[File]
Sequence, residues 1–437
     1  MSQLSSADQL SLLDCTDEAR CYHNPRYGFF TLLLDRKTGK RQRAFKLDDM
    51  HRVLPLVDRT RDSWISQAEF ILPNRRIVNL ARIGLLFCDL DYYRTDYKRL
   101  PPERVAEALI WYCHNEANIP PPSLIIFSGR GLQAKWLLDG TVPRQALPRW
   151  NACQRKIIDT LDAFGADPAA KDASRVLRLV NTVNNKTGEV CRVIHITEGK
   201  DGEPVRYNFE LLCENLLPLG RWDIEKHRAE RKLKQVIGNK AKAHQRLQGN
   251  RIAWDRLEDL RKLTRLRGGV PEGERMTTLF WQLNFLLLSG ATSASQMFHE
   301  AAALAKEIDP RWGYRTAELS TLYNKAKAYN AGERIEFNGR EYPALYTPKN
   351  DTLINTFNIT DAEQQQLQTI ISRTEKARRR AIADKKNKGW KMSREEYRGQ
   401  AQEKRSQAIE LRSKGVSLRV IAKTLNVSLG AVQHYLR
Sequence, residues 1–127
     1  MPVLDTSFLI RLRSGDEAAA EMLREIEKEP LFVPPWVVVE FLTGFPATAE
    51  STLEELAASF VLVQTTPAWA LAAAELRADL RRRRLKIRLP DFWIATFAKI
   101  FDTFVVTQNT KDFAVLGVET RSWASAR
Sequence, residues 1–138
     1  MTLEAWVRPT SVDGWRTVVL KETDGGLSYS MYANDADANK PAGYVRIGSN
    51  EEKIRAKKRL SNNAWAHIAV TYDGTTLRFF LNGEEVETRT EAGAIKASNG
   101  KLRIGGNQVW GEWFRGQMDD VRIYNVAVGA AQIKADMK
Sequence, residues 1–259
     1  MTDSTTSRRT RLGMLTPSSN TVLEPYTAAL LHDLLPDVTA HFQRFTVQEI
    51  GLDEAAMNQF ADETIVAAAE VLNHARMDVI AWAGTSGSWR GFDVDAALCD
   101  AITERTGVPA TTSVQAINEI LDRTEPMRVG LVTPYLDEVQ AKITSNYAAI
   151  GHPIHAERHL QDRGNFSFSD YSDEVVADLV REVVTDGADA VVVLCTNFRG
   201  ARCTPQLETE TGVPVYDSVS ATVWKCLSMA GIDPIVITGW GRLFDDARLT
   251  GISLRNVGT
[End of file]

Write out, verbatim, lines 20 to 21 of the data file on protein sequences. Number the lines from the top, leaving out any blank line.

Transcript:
     1  MTDSTTSRRT RLGMLTPSSN TVLEPYTAAL LHDLLPDVTA HFQRFTVQEI
    51  GLDEAAMNQF ADETIVAAAE VLNHARMDVI AWAGTSGSWR GFDVDAALCD